How can our own hands get in the way when we’re speaking? After all, they aren’t some kind of foreign appendage… they’re a part of us. This question has been discussed a lot this past year with the proliferation of all the public speaking our presidential candidates did.
It’s said that non-verbal communication actually ranks up there when it comes to what an audience walks away with, so as important as our spoken words are, it’s clear that our hands play an important role too. Speakers, especially less experienced speakers, often have a tendency to worry about what their arms and hands are doing during their presentation, and instead of relaxing and just being themselves, they’re more likely to do one of three things:
A study was done in 2015 by the Science of People where 760 people were asked to view 10 specifically chosen Ted Talks. During the study, half of the participants were asked to watch the Ted talks with the sound on, and the other half with the sound muted. Both groups were asked to rate the speaker on charisma, intelligence, and credibility. The surprising conclusion is that participants rated the talks the same, whether the sound was on or off!
The Science of People also determined that the most popular Ted talkers used an average of 465 gestures during their 18-minute talk. This is nearly twice as many as the less popular speakers. The conclusion? It’s not just what you say, it’s how you say it. Your nonverbal communication—which includes appropriately used hand gestures—delivers a more successful talk.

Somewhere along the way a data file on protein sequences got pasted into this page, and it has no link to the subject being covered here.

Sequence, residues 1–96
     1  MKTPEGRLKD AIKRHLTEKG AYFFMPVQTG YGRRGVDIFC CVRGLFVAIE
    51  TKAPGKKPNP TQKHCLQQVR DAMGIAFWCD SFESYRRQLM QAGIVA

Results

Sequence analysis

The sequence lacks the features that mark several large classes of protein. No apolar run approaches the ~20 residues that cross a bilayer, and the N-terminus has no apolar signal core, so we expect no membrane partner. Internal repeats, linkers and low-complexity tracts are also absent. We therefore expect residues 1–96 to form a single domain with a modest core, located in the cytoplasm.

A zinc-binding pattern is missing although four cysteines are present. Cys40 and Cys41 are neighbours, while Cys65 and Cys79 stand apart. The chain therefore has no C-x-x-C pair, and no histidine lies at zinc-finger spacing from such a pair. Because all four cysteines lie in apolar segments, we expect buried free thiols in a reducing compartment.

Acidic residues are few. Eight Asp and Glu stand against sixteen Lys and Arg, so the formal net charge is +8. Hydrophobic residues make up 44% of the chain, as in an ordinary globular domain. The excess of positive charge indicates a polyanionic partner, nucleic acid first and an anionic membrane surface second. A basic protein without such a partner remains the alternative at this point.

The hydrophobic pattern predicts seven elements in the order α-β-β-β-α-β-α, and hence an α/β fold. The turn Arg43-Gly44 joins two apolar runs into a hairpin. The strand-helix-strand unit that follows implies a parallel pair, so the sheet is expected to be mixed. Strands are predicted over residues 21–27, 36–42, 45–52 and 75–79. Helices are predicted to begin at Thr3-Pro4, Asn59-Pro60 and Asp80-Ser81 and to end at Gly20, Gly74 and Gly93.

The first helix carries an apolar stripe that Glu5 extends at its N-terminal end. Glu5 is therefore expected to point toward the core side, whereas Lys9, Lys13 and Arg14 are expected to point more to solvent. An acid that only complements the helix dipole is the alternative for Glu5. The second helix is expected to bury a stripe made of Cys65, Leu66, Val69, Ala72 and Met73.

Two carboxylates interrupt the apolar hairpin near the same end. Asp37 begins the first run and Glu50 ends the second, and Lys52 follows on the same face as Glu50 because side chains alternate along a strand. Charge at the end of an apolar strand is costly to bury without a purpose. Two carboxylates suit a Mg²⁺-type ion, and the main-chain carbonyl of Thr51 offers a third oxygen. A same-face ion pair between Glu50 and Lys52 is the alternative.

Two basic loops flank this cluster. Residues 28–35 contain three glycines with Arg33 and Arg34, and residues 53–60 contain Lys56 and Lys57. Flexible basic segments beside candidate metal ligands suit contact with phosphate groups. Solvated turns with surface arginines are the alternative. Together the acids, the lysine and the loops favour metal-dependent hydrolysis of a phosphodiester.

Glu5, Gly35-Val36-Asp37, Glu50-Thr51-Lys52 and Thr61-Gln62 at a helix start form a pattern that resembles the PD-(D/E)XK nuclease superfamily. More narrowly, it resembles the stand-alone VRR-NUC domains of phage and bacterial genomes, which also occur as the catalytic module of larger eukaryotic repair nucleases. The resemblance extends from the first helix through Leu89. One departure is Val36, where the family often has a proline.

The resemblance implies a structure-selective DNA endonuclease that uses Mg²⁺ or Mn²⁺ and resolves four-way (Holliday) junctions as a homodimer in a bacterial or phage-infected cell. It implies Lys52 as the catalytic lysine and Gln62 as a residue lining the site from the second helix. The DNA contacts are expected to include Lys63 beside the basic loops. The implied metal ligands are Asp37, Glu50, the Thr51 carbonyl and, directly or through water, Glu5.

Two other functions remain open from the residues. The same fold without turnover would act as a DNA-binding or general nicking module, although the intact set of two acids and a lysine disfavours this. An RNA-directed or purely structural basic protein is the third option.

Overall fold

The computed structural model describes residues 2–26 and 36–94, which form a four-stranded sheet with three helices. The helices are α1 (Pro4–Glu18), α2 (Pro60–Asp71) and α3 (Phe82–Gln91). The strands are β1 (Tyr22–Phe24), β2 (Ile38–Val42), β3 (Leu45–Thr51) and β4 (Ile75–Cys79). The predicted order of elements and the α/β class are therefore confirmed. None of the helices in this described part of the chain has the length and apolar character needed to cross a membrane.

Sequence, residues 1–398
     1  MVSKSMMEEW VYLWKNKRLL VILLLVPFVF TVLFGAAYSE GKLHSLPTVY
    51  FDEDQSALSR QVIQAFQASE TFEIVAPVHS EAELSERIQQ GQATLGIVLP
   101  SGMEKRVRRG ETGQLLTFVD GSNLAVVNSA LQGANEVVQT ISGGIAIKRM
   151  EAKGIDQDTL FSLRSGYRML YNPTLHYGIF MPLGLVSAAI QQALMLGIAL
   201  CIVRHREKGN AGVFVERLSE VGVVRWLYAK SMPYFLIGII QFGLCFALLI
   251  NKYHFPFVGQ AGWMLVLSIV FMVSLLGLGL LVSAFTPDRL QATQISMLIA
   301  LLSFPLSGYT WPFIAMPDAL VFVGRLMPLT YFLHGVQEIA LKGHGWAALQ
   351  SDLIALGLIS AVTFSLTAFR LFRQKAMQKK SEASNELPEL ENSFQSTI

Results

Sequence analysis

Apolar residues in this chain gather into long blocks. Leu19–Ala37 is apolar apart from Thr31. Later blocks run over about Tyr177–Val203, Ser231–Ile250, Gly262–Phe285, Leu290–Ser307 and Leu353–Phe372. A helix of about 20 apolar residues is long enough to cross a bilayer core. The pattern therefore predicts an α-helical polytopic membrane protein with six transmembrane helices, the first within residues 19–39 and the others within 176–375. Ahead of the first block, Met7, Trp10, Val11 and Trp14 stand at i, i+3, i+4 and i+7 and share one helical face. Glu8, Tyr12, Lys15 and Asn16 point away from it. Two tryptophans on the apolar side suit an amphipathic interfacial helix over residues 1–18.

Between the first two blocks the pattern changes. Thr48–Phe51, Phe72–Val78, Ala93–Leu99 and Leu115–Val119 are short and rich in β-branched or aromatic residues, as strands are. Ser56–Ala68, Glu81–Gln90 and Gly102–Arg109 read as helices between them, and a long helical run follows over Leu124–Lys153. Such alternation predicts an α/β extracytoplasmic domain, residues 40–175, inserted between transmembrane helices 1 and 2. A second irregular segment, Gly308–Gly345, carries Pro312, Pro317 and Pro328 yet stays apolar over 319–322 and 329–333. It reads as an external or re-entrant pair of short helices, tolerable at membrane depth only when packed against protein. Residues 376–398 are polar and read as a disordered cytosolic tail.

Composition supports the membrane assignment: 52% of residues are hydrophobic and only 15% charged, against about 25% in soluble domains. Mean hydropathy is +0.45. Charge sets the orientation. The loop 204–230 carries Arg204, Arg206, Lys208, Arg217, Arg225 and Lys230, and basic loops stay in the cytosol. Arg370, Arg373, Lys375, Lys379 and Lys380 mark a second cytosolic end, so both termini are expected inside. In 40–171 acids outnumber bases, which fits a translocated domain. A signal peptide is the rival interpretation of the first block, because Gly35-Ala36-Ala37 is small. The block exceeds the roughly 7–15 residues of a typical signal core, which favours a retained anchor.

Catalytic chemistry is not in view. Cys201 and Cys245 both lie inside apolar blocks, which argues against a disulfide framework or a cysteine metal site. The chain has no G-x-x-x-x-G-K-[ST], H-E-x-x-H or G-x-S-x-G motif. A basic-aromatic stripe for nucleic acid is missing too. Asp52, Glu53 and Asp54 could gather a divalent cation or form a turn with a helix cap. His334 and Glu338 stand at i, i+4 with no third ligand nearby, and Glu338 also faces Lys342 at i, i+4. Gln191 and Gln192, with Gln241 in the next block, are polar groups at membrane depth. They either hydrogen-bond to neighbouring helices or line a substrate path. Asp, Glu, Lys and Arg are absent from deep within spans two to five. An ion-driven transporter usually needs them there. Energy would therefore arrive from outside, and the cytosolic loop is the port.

With this in mind, here are a few suggestions for getting over the nerves of trying to figure out what to do with your hands when you’re speaking. (Hint: It’s not putting them in your pockets!)
Practice, practice, practice your presentation until you’re sick of hearing yourself. But get the most out of your practice by making certain you’re doing it in the same “stance” as when you’re actually speaking. If you’re going to be walking around, practice while you’re walking around. If you’re going to be standing at the podium, practice from a stationary position. Get comfortable, and let your hands do what they would naturally do.
Stand in front of a mirror and practice: Now that you’ve practiced your presentation so many times that you know it in your sleep, watch yourself. Focus in on what you’re doing with your hands. Are your gestures comfortable? Do they make sense? If you don’t like them, work on them until you do, and then practice, practice, practice! When you’re ready to take it to the next level, videotape yourself and then view the tape.
Find a friend: After you’ve practiced and feel comfortable with your gestures, find a friend or colleague you trust to give you honest feedback—both critical and complimentary—and have them watch and listen to your presentation.
Yes, there’s more to be aware of than just the content of your presentation, but that adds to the fun and adventure of public speaking!
Do you have a story to share about how you calmed your own nerves about what to do with your hands while you’re speaking? I’d love to hear it. I’m always on the lookout for something to feature in a future newsletter.
'Til we speak again,